Fears for Media Diversity and Press Freedom Heightened in Taiwan

The International

Federation of Journalists (IFJ) joins its affiliate the Association of Taiwan

Journalists (ATJ) in expressing concern about the details of the sale of Next

Media’s Taiwan Holdings and the potential threat posed to media diversity and

press freedom in Taiwan.


It was first reported

in mid-October by local media that media mogul Jimmy Lai planned to sell his

Taiwan-based print and television assets to a consortium including Jeffrey Koo,

the chairman of Chinatrust Charity Foundation, William Wong, chairman of the

Formosa Plastics Group (FPG), and a Singapore-based private equity fund. 

Concerns over the impact on media diversity as a

result of the sale have heightened following confirmation of the dominance of Want Want China Times Group (WWCT)--  whose Chairman tycoon Tsai Eng-meng, is

largely seen as pro-Beijing--in the US$601.2 million deal has been confirmed.


The deal includes the

sale of Taiwan’s Chinese-language newspapers, Apple Daily, Sharp Daily, as well

as Next Magazine and Next TV.


Apple Daily is one of

the most widely circulated newspapers in Taiwan, with over two million readers,

and has been critical of the Communist Party regime of China (PRC) and has held an independent

editorial stance toward Taiwan`s Chinese Nationalist Party (Kuomintang or KMT)



On November 19, the

ATJ, together with the associated Taiwan News Media Industrial Union, filed a

formal complaint to the Executive Yuan (Taiwan’s Cabinet), the Financial

Supervisory Commission (FSC), the Fair Trade Commission, the National

Communications Commission (NCC) and the Council for Labor Affairs that urging them

“not [to] passively wait until the transaction contract signing is completed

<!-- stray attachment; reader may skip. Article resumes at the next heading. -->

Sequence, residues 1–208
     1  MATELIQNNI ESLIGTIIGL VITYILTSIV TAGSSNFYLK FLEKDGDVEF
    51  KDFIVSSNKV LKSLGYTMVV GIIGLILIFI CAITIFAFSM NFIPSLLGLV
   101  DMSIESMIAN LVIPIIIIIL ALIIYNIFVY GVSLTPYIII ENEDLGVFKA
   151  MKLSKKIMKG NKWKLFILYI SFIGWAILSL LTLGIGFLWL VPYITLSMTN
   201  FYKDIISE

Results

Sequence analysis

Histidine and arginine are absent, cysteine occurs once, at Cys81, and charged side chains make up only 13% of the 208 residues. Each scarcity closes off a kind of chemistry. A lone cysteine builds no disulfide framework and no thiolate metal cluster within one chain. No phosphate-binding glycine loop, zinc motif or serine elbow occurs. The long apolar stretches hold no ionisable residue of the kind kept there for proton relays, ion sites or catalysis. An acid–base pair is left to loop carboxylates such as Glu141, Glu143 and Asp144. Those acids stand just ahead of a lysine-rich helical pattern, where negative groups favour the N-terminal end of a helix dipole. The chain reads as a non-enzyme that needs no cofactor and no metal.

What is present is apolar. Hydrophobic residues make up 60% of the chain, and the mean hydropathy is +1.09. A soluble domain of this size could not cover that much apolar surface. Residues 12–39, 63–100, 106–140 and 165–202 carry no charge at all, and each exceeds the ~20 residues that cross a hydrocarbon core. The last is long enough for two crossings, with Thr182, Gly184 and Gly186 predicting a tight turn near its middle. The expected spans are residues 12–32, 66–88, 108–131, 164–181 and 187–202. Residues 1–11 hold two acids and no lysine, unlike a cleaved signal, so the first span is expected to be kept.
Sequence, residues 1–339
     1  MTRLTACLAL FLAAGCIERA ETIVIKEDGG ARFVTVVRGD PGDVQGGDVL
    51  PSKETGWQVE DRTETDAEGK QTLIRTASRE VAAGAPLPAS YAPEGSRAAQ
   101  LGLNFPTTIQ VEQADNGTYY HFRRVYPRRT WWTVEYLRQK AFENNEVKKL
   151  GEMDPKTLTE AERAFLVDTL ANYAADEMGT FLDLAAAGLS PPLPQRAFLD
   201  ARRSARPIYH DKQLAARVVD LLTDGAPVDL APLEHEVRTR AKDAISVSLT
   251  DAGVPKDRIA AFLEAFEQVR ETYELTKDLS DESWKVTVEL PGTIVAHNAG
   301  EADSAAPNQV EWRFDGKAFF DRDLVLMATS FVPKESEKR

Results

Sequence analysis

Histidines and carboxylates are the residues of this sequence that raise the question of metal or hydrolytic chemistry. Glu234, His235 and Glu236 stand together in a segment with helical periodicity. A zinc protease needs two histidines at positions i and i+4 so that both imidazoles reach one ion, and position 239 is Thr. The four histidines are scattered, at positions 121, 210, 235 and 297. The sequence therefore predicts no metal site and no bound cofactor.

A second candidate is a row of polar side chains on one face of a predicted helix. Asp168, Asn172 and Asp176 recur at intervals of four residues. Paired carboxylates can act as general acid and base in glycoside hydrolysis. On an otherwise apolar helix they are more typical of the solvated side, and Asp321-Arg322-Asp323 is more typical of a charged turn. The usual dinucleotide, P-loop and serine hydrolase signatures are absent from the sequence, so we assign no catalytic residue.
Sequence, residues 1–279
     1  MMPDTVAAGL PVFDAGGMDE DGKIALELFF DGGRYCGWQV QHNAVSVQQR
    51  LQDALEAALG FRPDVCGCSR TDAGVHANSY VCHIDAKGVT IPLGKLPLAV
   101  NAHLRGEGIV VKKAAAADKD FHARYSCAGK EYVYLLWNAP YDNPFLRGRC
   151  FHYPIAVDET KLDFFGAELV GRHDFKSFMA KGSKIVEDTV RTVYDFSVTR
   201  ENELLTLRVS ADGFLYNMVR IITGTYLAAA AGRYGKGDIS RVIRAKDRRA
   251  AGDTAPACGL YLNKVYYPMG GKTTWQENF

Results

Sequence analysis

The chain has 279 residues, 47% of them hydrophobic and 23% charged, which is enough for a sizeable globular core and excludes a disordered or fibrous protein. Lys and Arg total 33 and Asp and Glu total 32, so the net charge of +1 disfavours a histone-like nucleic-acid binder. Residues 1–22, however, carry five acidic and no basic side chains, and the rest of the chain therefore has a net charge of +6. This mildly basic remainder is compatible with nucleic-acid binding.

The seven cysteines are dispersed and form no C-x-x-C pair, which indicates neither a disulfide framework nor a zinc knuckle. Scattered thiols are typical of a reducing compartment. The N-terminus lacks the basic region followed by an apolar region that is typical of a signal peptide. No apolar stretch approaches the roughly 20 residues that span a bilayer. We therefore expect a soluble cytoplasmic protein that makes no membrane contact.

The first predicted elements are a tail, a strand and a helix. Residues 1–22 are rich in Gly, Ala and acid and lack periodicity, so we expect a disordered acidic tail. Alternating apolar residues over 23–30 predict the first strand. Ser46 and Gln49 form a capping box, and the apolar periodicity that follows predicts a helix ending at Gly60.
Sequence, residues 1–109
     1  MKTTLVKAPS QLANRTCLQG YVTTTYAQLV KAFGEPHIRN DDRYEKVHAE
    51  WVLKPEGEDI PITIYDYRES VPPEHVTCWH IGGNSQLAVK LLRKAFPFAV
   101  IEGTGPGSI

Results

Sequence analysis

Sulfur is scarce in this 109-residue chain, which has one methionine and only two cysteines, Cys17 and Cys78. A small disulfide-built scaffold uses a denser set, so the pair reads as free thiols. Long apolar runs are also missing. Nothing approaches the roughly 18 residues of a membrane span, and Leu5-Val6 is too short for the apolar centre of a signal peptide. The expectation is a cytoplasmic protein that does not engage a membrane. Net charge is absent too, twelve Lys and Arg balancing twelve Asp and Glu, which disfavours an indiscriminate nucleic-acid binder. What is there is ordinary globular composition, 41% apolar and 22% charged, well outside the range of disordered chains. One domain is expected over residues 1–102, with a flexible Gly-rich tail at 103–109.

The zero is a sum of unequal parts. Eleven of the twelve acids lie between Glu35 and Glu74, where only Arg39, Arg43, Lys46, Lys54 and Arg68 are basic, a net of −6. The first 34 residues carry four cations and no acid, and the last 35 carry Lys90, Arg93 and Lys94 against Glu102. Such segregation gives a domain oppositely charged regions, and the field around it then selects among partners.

but take positive action to investigate and halt this illegal merger.”


The complaint

outlines concerns that the sale could potentially violate laws relating to the separation

of finance and industry as the acquisition of Next Media (Taiwan) by WWCT would

tip the Group’s control over the print news industry to nearly 50 percent.


The ATJ has warned that

such a degree of concentration would “violate the anti-monopoly and fair

competition stipulations of the Fair Trade Law and the three laws regulating

wireless television, cable and satellite and the broadcasting and radio



The ATJ and other

journalist organistations therefore urged the Commission to closely inspect the

deal in relation to the likely impact on press freedom, and also the potential

implications for media diversity. They also urged the Commission to investigate

the sacking by Next Media Taiwan of more than 10 percent of its workforce before

the deal was announced, which prompted several employees to complain to the

labour authorities and ask for negotiations to protect their rights and



Similar appeals were

issued on November 19 by the four new labour unions which represent the main

units of Next Media (Taiwan), namely Apple Daily, Sharp Daily, Next Weekly and

Next Television.


In a show of

solidarity, over 100 journalists from unions of Apple Daily in Taiwan and Hong

Kong’s Next Media Union voiced their concerns on November 20 outside the building of Apple Daily in Hong Kongwhen they met the Editor-in-Chief of Hong Kong Apple Daily, originally a

subsidiary of the Group.

Those in attendance wore black T-shirts and facemasks with signs calling for “Freedom”

and featuring the slogan “We Don’t Want Black Hands.”


“We again call on the

Government of Taiwan to ensure that editorial independence and workers’ rights

are protected under the new ownership” said the IFJ Asia Pacific.

“We join the ATJ in

calling on the relevant regulatory authorities to ensure that the sale of Next

Media does not harm press freedom in Taiwan. We also call on the Government to

guarantee that the new owners respect the union’s legal standing to represent

employees in collective bargaining processes.”





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